When You Can Afford to Save for Retirement

If you’ve read my blog before or any personal finance blog within the last…ever, you probably have seen these headlines. They say things like, “Most Americans don’t save enough for retirement” or that “The Average Baby Boomer Only Has $25,000 Saved for Retirement.”

Why do these headlines matter so much to me? Because I know what it’s like to not have any money saved for retirement. I recently wrote a story for Guidevine about what retirement looks like when you haven’t saved and are just living off social security.  For most people, it's actually easier to save for retirement than you think. Here's how you can afford to save for retirement with a few simple changes.

Want to know what retirement looks like if you haven’t saved? This isn’t what you’ve seen from your grandparents, who likely had pensions on top of decent social security checks. You can read my article from Guidevine about how many seniors live in poverty and how too many rely on social security for 90% of their retirement income.

If You Have a One-Bedroom Instead of a Studio

I made this mistake too many times in my life. When I moved to Indianapolis in 2012, I scoured for apartments, eventually finding a studio for $475 a month and a one-bedroom for $625. The studio was breezy, clean and had a landlord who really cared about the property. The only thing it was missing? A dishwasher.

In fact, the idea of not having a dishwasher bugged me so much that I ended up going with the $625 apartment. I convinced myself that if I didn’t have a dishwasher, I’d eat out more and not want to cook as much.

I’m not sure if that’s true, but what I do know is that I could have saved $150 a month for that year – almost $2,000 total. I wasn’t contributing to my retirement at all during that year so $150 a month would’ve equaled 6% of my gross income. If I had invested that money for one year, I would have $2,359 right now – a profit of $500. Stupid dishwasher.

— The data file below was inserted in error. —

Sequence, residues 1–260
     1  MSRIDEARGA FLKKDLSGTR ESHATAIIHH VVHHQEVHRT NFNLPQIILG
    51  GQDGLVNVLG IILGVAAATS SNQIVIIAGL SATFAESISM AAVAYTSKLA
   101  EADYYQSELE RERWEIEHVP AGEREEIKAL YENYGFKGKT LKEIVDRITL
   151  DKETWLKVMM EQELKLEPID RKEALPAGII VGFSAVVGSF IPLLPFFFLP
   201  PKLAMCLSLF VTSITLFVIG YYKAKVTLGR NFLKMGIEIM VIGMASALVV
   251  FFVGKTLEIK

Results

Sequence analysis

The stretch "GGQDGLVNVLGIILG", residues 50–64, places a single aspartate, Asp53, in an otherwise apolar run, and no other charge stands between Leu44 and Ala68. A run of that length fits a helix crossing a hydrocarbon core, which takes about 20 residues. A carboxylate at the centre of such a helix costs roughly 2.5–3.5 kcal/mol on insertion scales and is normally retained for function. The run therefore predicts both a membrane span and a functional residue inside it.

If You Eat Out Several Times a Week

This one probably sounds petty. “Come on Zina, so what if I get McDonald’s a few times a month? How does a few quarter pounders hurt my retirement?”

Here’s how. The average American eats out four times a week. A typical fast food meal costs about $8 – but that doesn’t include if you ate out at a nicer restaurant or also grabbed a beer with your meal.

If you ate out four times a week at $8 a meal, that’s $128 a month. If you save that money into a retirement account for 40 years, you’ll have more than $300,000.

If You Bought a New Car

This might be the dumbest mistake on the money. That’s because choosing not to eat out requires tons of micro-decisions throughout the week, but buying a new car is a big deal and something that you should avoid.

Again, let’s do the math. If you buy this year’s most popular car (a 2016 Honda Civic) and take out a loan for the full amount, you’ll owe $395 a month at today’s interest rates.

But if you invest that money over 40 years, you’ll have almost $1 million saved for retirement!

Or Do What You Want

I’m not saying don’t buy a car or ever eat out or rent a one-bedroom apartment. You can do whatever you want. But you should know what you’re giving up every time you make a financial decision. Unless you’re ok with living in Section 8 housing in retirement and not being able to visit your family, you should start saving for retirement now.



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